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The Ever-Shifting ’Strategic Triangle’ Between Russia, China and the U.S.

Saturday 20 July 2019, by Eugene Chausovsky

The U.S. trade war with China and Washington’s prolonged standoff with Russia — over matters from Iran to Venezuela to arms control — are increasingly driving Moscow and Beijing toward each other. Chinese President Xi Jinping is attending the St. Petersburg International Economic Forum June 6-7, but not before meeting with Russian President Vladimir Putin in Moscow earlier in the week. China and Russia have signed economic deals that span everything from 5G networks to hydropower plant construction to establishing a joint research and technology innovation fund.

The deals come in the wake of Moscow’s recently indicated desire to collaborate with China in the Arctic’s Northern Sea Route as part of Beijing’s Maritime Silk Road initiative, while the massive Power of Siberia pipeline is completing the final phase of construction and is set to begin pumping ever-larger volumes of Russian natural gas to China by the end of this year. [1]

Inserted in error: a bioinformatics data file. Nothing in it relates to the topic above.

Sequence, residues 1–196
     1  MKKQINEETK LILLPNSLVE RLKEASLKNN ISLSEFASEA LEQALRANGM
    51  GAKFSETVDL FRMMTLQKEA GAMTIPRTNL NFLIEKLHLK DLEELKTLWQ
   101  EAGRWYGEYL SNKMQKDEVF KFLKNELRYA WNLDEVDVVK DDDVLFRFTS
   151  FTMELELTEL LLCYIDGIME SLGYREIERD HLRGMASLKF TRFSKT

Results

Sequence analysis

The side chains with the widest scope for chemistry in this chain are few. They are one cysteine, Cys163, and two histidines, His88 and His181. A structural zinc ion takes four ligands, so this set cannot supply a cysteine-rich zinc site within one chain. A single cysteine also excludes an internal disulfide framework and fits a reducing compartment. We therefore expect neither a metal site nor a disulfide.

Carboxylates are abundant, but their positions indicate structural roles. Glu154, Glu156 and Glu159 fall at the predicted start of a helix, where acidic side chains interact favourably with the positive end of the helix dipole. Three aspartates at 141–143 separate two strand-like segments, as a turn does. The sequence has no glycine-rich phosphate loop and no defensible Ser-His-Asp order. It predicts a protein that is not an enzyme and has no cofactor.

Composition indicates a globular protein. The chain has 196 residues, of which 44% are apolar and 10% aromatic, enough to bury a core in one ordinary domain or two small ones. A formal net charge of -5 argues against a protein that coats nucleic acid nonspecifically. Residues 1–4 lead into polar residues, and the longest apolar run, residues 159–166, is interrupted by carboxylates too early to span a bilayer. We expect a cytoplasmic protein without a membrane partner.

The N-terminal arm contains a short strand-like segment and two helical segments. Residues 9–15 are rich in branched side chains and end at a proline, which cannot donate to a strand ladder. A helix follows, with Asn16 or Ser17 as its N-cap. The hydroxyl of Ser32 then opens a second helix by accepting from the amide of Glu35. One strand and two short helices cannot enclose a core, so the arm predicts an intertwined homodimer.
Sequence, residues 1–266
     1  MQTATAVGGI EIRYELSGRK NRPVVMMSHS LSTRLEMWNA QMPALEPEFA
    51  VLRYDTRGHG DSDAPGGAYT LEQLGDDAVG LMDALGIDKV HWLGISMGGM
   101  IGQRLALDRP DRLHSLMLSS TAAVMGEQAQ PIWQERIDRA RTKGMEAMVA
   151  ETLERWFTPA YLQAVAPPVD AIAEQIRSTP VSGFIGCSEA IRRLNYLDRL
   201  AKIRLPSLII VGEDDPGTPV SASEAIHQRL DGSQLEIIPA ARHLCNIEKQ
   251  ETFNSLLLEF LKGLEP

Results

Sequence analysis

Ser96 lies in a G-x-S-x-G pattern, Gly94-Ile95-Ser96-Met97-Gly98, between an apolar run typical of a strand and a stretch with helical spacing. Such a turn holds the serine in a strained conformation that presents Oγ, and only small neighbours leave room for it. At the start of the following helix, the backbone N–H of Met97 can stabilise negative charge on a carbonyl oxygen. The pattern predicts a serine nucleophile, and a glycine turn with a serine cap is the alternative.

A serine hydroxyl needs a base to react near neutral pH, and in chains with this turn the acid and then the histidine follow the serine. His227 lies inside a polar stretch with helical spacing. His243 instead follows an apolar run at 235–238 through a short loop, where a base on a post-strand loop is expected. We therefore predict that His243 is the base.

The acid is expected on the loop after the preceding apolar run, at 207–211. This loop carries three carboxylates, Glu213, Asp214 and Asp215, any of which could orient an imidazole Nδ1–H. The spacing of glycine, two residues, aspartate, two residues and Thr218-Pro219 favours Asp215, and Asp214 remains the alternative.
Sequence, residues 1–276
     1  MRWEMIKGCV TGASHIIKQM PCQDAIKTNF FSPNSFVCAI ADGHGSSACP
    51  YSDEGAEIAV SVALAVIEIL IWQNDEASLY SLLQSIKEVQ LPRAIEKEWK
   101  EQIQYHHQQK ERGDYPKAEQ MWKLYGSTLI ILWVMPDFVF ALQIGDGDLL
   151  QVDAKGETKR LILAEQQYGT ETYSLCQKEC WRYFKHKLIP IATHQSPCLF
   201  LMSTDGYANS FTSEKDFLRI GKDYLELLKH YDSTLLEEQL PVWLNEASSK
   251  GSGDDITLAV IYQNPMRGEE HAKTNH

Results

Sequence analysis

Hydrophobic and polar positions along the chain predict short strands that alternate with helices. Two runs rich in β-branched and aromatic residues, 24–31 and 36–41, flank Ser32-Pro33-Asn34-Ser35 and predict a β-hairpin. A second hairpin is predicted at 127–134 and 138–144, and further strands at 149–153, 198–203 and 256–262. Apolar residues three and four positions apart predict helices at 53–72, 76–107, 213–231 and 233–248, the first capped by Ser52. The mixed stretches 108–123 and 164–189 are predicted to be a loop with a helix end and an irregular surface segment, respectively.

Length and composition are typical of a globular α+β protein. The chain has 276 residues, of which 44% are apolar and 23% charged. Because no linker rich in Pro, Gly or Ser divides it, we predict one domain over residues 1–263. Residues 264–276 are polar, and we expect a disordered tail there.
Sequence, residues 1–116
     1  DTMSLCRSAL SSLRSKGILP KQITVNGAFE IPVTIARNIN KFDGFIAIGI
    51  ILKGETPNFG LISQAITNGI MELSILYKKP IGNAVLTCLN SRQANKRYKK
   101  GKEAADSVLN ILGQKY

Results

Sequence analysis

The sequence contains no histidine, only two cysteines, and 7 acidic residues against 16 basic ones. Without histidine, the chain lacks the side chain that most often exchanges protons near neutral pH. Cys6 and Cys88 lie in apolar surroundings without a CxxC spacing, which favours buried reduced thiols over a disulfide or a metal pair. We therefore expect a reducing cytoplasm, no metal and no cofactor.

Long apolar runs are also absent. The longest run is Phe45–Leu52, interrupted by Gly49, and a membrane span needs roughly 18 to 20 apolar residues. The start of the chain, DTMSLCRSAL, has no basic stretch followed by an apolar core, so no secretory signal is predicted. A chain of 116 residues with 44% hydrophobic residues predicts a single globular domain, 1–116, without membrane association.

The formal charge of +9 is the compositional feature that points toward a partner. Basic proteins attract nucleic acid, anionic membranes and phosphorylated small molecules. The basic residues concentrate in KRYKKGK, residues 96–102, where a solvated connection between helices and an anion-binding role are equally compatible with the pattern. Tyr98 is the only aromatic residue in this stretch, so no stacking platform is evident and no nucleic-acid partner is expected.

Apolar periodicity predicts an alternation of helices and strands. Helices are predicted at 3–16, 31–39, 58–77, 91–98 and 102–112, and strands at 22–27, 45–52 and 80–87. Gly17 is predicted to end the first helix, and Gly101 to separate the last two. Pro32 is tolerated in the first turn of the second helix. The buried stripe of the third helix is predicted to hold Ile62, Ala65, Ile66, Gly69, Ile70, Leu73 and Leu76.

These developments are simply the latest in a broader trend of Russia and China strengthening political, economic and security ties. Such developments raise the question of how deep an alignment between Russia and China can go, and to what extent their relationship is forming in direct opposition to and competition with the United States. To begin to answer this question, it is important first to frame it in the appropriate strategic context, and then to look at how ties between Russia, China and the United States have evolved within this context. Doing so points to many more constraints than opportunities in a sustained elevation of the Russia-China relationship, one that will be shaped heavily by the United States.

The Postwar Evolution of the ’Strategic Triangle’

The end of World War II marked the emergence of the United States and the Soviet Union as the two primary global powers, while also marking the founding of the People’s Republic of China in 1949. This development ushered in an inherent "strategic triangle" relationship among the three countries, meaning that relations between any two of these powers would necessarily shape and be shaped by the strategic interests of the third power. These strategic interests include neutralizing and dominating their respective peripheries while projecting outward and pushing their own respective vision of global order, producing inherent contradictions and driving the so-called great power competition between them. [2]